Strategy AND people
A simple question that I ask MBA students towards the end of their first course on strategy is one that shines a light on parts of strategy and management that is uncomfortable and revealing. I give them ten minutes to discuss this question in their breakout groups and, although it’s not a tricky question, silence usually dominates, at least initially, while they think through the implications of potential answers.
Before I address the question, it’s important to understand a little of business strategy’s past through some clear, and critical, academic eyes.
If you review business strategy’s history you will see it doesn’t stretch back into antiquity as it is portrayed by citing the importance of Sun Tzu, Clausewitz or Machiavelli (Carter, 2013). The history of strategy often employs selective sources, often uncritically, leaving something closer to folk tradition than scholarship (Jacques, 2006). Also, it’s problematic to ascribe activities carried out prior to the establishment of current strategic management thinking as though they are the same as current practice (Knights and Morgan 1991), this simply rewrites history in terms of the present, what is in effect an old marketing trick (Carter, Clegg, and Kornberger 2008b).
In reality, modern business strategy dates to 1960s America and, to this day, it has been dominated by rational, economic thinking. This view of strategy relies heavily on military style thinking of command and control (Whittington, 2001), complemented by a strong influence from the field of economics (Rumelt, Schendel, & Teece, 1991). In a series of distinct steps, a strategy, grounded in the economic theory that individuals are rational and act to maximise benefits for themselves, is formulated by those in command, promulgated through the organisational chain of command and executed by operational managers (Mintzberg et al., 1998a). For this strategy to be effective it requires that the future be predicted/anticipated with a degree of accuracy achieved through rational synthesis and hard data (Mintzberg, 1994).
This traditional view of strategy places little importance on people, who are noticeable by their absence, and are seen as a resource to be employed for the benefit of the organisation. It can be paraphrased as - our strategy may result in some causalities and this is the price of making money for our shareholders (another flawed assumption). While this view is being challenged, it remains, by far, the dominant view of strategy.
If we return to our question, the dominant view holds that strategy is focused on taking the organisation into the future where it may, or may not, need the people it currently employs. Our people, often referred in strategy statements as an organisations greatest asset, are useful as long as they are useful - and no longer.
To borrow from Al Gore – this is an inconvenient truth and renders the notion of staff loyalty an absurdity. You simply can’t have it both ways. If you want to treat people as disposable assets you cannot expect them to act in any other way than their own self-interest. Imagine if you treated your husband/wife/partner that way? I love you until I need to change you for a different model!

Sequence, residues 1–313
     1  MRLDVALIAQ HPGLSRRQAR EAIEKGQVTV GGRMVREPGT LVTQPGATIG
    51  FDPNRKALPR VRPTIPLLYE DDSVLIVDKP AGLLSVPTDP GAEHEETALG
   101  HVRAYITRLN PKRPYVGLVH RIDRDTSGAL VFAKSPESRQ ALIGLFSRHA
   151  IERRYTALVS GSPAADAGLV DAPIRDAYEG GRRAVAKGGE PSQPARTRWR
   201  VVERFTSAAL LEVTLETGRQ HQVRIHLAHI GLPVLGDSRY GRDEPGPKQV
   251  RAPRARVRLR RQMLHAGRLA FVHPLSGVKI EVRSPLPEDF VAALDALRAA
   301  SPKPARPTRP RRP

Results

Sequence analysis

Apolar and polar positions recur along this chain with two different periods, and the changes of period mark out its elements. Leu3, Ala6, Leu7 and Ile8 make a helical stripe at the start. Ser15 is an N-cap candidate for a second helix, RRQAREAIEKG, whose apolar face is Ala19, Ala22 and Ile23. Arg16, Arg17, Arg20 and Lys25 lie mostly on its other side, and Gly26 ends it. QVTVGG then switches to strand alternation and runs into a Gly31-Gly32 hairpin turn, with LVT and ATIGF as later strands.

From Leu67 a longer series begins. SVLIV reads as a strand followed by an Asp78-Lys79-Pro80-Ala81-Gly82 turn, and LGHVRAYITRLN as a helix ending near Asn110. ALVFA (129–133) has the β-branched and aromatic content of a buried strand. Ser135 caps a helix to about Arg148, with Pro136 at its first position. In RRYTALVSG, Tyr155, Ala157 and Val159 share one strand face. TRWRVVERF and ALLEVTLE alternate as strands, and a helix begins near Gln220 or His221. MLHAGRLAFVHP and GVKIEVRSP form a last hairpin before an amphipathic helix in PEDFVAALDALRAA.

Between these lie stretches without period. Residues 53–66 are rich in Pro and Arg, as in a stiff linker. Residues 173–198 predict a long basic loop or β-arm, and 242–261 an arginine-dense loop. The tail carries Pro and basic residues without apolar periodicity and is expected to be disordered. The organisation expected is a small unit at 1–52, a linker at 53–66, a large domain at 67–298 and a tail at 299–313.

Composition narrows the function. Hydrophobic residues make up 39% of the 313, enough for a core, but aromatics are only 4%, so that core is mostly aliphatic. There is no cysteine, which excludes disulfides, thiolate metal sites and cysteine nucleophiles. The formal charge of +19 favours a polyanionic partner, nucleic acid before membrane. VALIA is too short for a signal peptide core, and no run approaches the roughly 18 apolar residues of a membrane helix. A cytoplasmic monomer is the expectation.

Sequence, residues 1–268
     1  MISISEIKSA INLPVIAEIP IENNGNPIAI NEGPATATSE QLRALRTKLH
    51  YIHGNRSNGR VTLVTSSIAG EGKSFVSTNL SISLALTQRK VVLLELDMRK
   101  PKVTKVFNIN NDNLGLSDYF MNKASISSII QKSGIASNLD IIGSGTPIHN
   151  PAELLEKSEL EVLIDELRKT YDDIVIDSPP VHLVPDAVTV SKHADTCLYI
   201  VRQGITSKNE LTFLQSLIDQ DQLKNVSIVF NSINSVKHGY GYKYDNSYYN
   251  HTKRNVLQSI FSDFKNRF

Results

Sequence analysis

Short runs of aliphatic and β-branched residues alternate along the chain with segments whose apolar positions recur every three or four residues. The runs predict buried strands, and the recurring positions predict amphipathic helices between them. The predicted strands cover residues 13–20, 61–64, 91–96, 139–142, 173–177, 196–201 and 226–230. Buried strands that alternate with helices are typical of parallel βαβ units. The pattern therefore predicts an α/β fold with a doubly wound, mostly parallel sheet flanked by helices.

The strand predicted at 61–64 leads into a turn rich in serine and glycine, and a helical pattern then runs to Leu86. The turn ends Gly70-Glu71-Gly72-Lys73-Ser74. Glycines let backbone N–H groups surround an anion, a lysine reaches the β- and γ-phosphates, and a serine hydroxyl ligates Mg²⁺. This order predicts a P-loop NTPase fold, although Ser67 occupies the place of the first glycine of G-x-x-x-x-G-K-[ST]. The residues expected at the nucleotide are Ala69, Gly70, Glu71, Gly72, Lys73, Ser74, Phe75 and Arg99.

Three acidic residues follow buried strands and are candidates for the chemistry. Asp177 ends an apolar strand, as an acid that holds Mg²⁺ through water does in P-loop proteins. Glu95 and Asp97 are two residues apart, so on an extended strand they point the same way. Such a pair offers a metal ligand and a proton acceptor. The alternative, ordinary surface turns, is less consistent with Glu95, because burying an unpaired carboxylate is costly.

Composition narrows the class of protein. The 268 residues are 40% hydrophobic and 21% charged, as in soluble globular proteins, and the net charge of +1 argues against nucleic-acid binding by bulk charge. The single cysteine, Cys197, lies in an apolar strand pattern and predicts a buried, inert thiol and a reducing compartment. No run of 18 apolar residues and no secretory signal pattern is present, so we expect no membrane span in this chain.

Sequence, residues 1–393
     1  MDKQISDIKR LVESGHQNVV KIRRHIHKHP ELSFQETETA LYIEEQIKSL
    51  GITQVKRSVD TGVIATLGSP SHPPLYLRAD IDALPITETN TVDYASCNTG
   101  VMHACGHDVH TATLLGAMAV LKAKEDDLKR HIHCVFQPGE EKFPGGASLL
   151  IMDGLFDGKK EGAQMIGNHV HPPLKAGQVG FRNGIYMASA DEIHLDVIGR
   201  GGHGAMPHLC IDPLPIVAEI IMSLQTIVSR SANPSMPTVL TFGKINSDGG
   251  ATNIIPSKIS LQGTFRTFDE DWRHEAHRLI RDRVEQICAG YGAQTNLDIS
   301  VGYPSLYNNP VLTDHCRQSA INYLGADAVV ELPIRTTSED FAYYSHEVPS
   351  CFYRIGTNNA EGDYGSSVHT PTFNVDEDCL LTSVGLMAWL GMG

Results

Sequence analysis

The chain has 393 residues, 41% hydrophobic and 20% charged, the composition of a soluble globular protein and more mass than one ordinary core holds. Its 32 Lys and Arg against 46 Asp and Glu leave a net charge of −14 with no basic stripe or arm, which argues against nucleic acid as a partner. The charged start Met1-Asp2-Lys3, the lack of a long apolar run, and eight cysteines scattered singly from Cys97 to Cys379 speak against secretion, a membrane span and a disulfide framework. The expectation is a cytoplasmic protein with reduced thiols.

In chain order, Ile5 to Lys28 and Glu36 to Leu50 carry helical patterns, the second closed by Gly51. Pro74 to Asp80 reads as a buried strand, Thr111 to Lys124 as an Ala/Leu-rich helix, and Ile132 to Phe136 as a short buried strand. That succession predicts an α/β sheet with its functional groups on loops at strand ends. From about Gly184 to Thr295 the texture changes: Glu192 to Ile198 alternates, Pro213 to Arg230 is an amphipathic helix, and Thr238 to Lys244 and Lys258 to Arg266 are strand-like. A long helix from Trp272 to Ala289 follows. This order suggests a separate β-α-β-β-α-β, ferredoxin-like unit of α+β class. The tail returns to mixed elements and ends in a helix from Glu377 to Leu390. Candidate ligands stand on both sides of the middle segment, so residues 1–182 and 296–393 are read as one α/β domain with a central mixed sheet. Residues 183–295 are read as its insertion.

So, let’s call it the way it is. If strategy is solely focused on getting an organisation to the future then our organisations are cold, rationale, self-interested and Darwinian no matter what HR spiel they recite. If you are employed in one of these, which will be the vast majority of people, keep alert. I hate the stories I hear of long-term employees being made redundant late in their careers. It is one of the reasons I have stayed self-employed.
What’s the alternative? Focusing solely on your people isn’t practical and wouldn’t work and so, I believe, that embracing the “genius of the AND”, a core lesson from Collins and Porras (2001) in their book Built to Last is where the answer may lie. Let’s focus on the organisation AND our people. And, when you think about it, they are intertwined. It is only through people that anything happens at all and so strategy crafted by, and with, the people who will be implementing it has a descent chance of success (although it is always down to skilled implementation married with a bit of luck).
Sir John Anderson, who has fronted many high-profile New Zealand companies, identified two key aspects of his success – listening to people and respecting people. If you respect people it’s difficult to want to run an organisation that pays the minimum wage, surely you want to run an organisation where people are well paid, love their jobs and want to be part of a successful team.
While I’m not familiar with Paul Kelly and his motor company, taking the entire staff to Vegas for a week speaks directly to this ethos. He has created an environment where people are valued and part of the organisation, not a resource to be purchased as cheaply as possible until no longer required. His attitude was nicely summed up when he was asked why a week in Vegas . . .